Following William Byron’s victory at Phoenix Raceway, NASCAR ends its early West Coast swing and heads to Georgia. Thus, let’s wrap up action from this past Sunday’s United Rentals 500, review numbers from last year at Atlanta, and assess some DFS expectations for this Sunday’s Ambetter Health 400 at Atlanta Motor Speedway. 


United Rentals 500 Wrap-Up

For all the talk of how the 30% reduction in downforce, via the modifications made to the Gen Seven short track package, was supposed to improve the quality of racing and passing, Sunday looked just like any other short-flat track race from 2022.

In fact, quality passes were down 942 to 707 compared to this race last year. Meanwhile, the polesitter (Kyle Larson) led 64% of the race, more than the 45% that Ryan Blaney led from the pole in 2022. Larson’s 202 laps led are the most laps led by the driver who led the most laps since Phoenix was reconfigured in 2018. 

In other words, NASCAR may need to go back to the drawing board to figure out their short-track passing woes, but this could be a ton of conjecture for just one race. However, this current iteration is probably what we will see at short tracks and road courses for all of 2023. Should that be the case, it’s a safe bet that there will be an extremely strong correlation between practice speeds and actual race speeds and performance. 

Kyle Larson and William Byron showed the fastest long run speeds in practice and backed that up by leading all but 52 of the 312 laps. Kevin Harvick had a demonstrably fast short and long run car on Friday as well, grabbed the lead with roughly 40 laps remaining, and would have won if not for Harrison Burton cutting down a tire and spinning with nine laps left. 

The next time this package will be on display will be Richmond, a race that saw the front row combine to lead 250 laps, and all but 6 of the 400 laps led from drivers starting in the top-six starting positions. Chances are we may be headed for a repeat of this same type of race in three weeks. 

Atlanta, Spring – 2022

When NASCAR headed to Atlanta last spring, it was anyone’s guess as to how Atlanta would race. Without the input of the drivers, track officials finally decided to repave Atlanta following the summer race of 2021 — 25 years since it was last coated with fresh asphalt. However, they went above and beyond just a simple repave and decided to rebank and narrow Atlanta, turning the intermediate-oval into a miniature superspeedway. Combined with the first month of the Generation Seven car — just what would racing at Atlanta actually look like?

Well — it was a superspeedway style race that they wanted and that was what the drivers got at Atlanta. In all, there were 10 real cautions in the Spring race with nearly 20% of the race being run under the yellow flag. Six of those cautions were for multi-vehicle accidents including the lap-146 wreck that collected nearly a third (12 vehicles) of the field. In all, 12 drivers failed to finish the race with all of them getting parked due to wrecks.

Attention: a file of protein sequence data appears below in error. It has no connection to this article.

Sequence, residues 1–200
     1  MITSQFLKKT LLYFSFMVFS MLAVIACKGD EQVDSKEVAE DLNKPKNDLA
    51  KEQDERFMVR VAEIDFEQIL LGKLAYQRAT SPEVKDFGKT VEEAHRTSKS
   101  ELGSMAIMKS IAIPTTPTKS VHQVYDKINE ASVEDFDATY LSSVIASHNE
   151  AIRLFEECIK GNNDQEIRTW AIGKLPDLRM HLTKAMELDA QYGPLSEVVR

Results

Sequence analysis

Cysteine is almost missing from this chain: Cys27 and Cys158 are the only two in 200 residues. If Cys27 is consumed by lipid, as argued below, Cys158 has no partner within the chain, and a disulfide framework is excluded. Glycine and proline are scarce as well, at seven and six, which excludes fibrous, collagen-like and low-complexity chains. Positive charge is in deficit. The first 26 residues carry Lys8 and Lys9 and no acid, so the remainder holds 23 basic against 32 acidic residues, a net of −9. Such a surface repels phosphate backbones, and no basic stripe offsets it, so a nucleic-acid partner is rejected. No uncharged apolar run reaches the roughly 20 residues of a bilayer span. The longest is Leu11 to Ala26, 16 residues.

Fast forward to the summer race at Atlanta, and it was more of the same from the spring. This time, 24.6% of the race was run under the yellow flag with the average green flag run sitting at just 15.1 laps. In this race, there were 11 real cautions with seven of those being multi-car accidents with two “big ones” on laps 92 and 171. 

Thus, Atlanta wanted a miniature Daytona, and the track yielded such results. However, the interesting thing to note for DFS purposes is that neither of the optimal lineups from the 2022 Atlanta races really resemble a Daytona or Talladega race. In fact, they look like Atlanta never made any changes to the track. Both the spring and summer races were anchored by two lap leaders and then filled out with other drivers that finished in the top 10. 

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As far as cash goes, the best bet is to approach this slate just like you would any other superspeedway race and build with an eye toward place differential and finishing position. However, in tournaments, both races showed that due to the bulk of laps (267 this Sunday) you can’t disregard lap leaders. There are just far too many laps led points available for tournament players to act like “stacking the back” is how you’ll win this Sunday. It’s going to take courage, and some nuance, but GPPs are going to be won via the strategy of embracing a lap leader or two in each lineup that will inevitably start higher up the grid then you would normally have like four weeks ago at Daytona.


Expectations for the 2023 Ambetter Health 400

The only wild cards for this weekend are the fact that NASCAR will hold zero practice time, so hopefully, none of us get stung by a driver and a faulty electrical or mechanical issue that could have been diagnosed with a simple 20-minute practice session (aka Kyle Larson at Auto Club). 

Also, NASCAR has moved the entrance to pit road back to turn three. Thus, drivers will only have their qualifying lap, plus the warm-up laps before Sunday, to get acquainted with the new pit road entry point. It’s likely we could easily see the scenario where someone misses pit road, during a green flag run, and end up losing position as they have to pit on the next lap.

Regardless, Sunday is setting up to be a fairly chaotic superspeedway-style race, like its predecessors last season, and winning a tournament is going to boil down to the strategy above combined with some pure luck hoping you can land a six of six lineup where all drivers complete every lap and finish in the top 15.